Couvre les concepts fondamentaux de la mécanique quantique, en mettant l'accent sur les espaces et les opérateurs Hilbert.

Vincenzo Savona, Christophe Marcel Georges Galland, Hugo Pierre Alexandre Flayac, Mitchell David Anderson, Kilian Robert Seibold, Santiago Tarrago Velez

We propose and demonstrate a versatile technique to measure the lifetime of the one-phonon Fock state using two-color pump-probe Raman scattering and spectrally resolved, time-correlated photon counting. Following pulsed laser excitation, the n = 1 phonon Fock state is probabilistically prepared by projective measurement of a single Stokes photon. The detection of an anti-Stokes photon generated by a second, time-delayed laser pulse probes the phonon population with subpicosecond time resolution. We observe strongly nonclassical Stokes-anti-Stokes correlations, whose decay maps the single phonon dynamics. Our scheme can be applied to any Raman-active vibrational mode. It can be modified to measure the lifetime of n >= 1 Fock states or the phonon quantum coherences through the preparation and detection of two-mode entangled vibrational states.

2018, , , ,

A single quantum of excitation of a mechanical oscillator is a textbook example of the principles of quantum physics. But mechanical oscillators, despite their pervasive presence in nature and modem technology, do not genetically exist in an excited Fock state. In the past few years, careful isolation of gigahertz-frequency nanoscale oscillators has allowed experimenters to prepare such states at millikelvin temperatures. These developments illustrate the tension between the basic predictions of quantum mechanics-which should apply to all mechanical oscillators even at ambient conditions-and the extreme conditions required to observe those predictions. We resolve the tension by creating a single Fock state of a 40-THz vibrational mode in a crystal at room temperature and atmospheric pressure. After exciting a bulk diamond with a femtosecond laser pulse and detecting a Stokes-shifted photon, the Raman-active vibrational mode is prepared in the Fock state vertical bar 1 > with 98.5% probability. The vibrational state is then mapped onto the anti-Stokes sideband of a subsequent pulse, which when subjected to a Hanbury Brown-Twiss intensity correlation measurement reveals the sub-Poisson number statistics of the vibrational mode. By controlling the delay between the two pulses, we are able to witness the decay of the vibrational Fock state over its 3.9-ps lifetime at ambient conditions. Our technique is agnostic to specific selection rules, and should thus be applicable to any Raman-active medium, opening a new general approach to the experimental study of quantum effects related to vibrational degrees of freedom in molecules and solid-state systems.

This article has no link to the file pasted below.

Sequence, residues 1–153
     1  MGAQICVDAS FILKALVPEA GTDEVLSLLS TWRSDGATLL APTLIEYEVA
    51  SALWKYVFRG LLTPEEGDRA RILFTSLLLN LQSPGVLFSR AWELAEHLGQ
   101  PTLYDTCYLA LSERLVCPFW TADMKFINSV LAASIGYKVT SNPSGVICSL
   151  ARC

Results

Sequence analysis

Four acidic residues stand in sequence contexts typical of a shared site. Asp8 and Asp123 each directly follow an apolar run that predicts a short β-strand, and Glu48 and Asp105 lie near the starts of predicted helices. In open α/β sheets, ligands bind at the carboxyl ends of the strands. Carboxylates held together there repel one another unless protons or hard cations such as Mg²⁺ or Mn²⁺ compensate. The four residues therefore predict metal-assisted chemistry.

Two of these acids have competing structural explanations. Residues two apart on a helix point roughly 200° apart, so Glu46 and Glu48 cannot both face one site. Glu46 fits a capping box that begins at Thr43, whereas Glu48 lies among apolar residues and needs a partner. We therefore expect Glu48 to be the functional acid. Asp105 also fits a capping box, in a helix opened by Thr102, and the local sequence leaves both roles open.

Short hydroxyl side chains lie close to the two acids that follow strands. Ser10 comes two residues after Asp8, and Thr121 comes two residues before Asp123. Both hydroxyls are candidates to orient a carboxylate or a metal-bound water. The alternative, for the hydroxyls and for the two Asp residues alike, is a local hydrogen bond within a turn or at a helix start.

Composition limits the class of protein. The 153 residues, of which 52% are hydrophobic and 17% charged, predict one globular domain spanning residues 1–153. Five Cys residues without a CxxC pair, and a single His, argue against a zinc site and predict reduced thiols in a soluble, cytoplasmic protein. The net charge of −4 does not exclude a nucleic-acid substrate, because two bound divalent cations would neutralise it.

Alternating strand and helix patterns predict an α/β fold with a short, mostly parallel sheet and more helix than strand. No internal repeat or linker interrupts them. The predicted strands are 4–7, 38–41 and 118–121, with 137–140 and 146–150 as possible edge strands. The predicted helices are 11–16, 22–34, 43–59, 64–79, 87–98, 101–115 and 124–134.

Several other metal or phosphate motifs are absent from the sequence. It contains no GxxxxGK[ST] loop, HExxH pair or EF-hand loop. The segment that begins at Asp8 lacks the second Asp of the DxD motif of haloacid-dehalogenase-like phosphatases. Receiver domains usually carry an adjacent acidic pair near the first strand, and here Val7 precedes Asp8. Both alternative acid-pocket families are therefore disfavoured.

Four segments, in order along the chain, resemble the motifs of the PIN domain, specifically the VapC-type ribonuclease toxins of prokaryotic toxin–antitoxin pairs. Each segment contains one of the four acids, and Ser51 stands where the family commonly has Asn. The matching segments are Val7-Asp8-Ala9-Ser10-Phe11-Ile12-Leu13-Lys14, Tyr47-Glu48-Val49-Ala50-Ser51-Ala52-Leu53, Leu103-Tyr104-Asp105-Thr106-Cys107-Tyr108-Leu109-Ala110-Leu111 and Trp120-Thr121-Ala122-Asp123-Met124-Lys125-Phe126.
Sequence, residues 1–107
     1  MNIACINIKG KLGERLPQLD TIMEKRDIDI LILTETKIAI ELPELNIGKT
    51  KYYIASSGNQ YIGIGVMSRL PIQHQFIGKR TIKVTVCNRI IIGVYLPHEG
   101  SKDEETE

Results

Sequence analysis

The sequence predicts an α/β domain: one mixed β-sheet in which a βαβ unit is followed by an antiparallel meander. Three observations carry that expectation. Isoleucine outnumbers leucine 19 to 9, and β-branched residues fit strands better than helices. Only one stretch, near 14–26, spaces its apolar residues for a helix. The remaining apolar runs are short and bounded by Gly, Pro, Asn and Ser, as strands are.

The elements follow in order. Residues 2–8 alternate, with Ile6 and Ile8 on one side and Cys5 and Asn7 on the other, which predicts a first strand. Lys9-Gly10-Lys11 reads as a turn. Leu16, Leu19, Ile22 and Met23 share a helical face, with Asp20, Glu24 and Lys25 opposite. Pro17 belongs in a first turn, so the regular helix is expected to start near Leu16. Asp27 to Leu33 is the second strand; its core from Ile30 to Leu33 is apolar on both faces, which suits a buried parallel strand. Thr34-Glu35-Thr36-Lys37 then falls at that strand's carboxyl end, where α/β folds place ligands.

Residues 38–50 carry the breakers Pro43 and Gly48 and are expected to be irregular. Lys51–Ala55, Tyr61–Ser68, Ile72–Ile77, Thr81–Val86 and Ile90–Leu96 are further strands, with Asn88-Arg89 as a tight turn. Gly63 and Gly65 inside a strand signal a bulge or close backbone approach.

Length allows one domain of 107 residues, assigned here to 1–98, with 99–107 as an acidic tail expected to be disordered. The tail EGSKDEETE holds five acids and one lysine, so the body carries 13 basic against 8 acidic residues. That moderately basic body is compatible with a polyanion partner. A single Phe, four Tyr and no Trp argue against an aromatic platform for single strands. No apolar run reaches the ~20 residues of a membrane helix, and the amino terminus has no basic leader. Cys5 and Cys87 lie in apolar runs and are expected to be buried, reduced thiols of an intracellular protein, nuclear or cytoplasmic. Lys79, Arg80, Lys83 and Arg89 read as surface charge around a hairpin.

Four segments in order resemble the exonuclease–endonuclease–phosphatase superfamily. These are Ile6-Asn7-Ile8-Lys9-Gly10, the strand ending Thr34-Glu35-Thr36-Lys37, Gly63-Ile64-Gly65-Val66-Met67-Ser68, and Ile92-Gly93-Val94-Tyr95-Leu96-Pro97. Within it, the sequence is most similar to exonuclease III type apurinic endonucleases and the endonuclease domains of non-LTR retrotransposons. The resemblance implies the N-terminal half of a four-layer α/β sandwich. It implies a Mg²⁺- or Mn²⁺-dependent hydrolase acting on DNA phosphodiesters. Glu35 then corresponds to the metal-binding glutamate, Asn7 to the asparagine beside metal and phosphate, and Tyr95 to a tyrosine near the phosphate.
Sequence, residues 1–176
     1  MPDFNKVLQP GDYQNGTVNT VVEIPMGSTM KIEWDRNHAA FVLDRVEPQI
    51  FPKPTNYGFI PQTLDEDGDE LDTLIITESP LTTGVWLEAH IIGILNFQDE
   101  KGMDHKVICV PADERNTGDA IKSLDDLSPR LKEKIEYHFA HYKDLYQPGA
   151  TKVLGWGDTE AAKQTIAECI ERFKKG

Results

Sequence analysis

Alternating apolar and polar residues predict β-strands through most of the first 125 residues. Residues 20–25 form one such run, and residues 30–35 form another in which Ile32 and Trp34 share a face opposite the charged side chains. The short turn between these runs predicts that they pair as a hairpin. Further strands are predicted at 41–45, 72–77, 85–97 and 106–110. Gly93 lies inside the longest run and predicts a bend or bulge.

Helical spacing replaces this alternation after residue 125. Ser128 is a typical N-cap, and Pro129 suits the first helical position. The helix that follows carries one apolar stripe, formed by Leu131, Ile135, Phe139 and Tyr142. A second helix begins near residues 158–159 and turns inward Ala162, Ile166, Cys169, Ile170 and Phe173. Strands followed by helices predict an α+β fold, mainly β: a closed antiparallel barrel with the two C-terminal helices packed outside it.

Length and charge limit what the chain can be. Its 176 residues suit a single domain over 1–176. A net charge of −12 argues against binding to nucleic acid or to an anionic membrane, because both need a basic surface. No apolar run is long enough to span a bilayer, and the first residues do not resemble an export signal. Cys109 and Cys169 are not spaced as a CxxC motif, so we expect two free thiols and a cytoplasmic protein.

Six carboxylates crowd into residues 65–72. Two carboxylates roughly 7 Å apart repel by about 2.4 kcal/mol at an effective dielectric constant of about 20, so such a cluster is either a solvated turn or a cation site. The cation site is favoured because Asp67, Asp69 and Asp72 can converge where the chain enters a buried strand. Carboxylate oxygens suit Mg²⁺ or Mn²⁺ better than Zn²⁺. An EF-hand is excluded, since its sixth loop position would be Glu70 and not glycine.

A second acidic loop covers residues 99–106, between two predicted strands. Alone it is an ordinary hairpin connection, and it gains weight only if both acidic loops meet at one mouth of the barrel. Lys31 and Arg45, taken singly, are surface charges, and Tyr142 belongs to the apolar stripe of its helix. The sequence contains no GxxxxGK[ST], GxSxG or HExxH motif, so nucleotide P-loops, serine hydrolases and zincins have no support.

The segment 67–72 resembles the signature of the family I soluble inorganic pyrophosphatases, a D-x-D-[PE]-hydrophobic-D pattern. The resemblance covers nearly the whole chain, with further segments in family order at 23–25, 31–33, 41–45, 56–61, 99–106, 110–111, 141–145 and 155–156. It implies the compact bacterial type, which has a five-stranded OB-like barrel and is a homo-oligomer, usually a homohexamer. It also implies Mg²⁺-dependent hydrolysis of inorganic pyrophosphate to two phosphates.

2019With the development of quantum optics, photon correlations acquired a prominent role as a tool to test our understanding of physics, and played a key role in verifying the validity of quantum mechanics. The spatial and temporal correlations in a light field also reveal information about its origin, and allow us to probe the nature of the physical systems interacting with it. Additionally, with the advent of quantum technologies, they have acquired technological relevance, as they are expected to play an important role in quantum communication and quantum information processing.This thesis develops techniques that combine spontaneous Raman scattering with Time Correlated Single Photon Counting, and uses them to study the quantum mechanical nature of high frequency vibrations in crystals and molecules. We demonstrate photon bunching in the Stokes and anti-Stokes fields scattered from two ultrafast laser pulses, and use their cross-correlation to measure the 3.9 ps decay time of the optical phonon in diamond. We then employ this method to measure molecular vibrations in CS2, where we are able to excite the respective vibrational modes of the two isotopic species present in the sample in a coherent superposition, and observe quantum beating between the two signals. Stokes scattering, when combined with a projective measurement, leads to a well defined quantum state. We demonstrate this by measuring the second order correlation function of the anti-Stokes field conditional on detecting one or more photons in the Stokes field, which allows us to observe a phonon modeâs transition form a thermal state into the first excited Fock state, and measure its decay over the characteristic phonon lifetime. Finally, we use this technique to prepare a highly entangled photon-phonon state, which violates a Bell-type inequality. We measure S = 2.360 Â± 0.025, violating the CHSH inequality, compatible with the non-locality of the state.The techniques we developed open the door to the study of a broad range of physical systems, where spectroscopic information is obtained with the preparation of specific quantum states. They also hold potential for future technological use, and promote vibrational Raman scattering to a resource in nonlinear quantum optics -- where it used to be considered as a source of noise instead.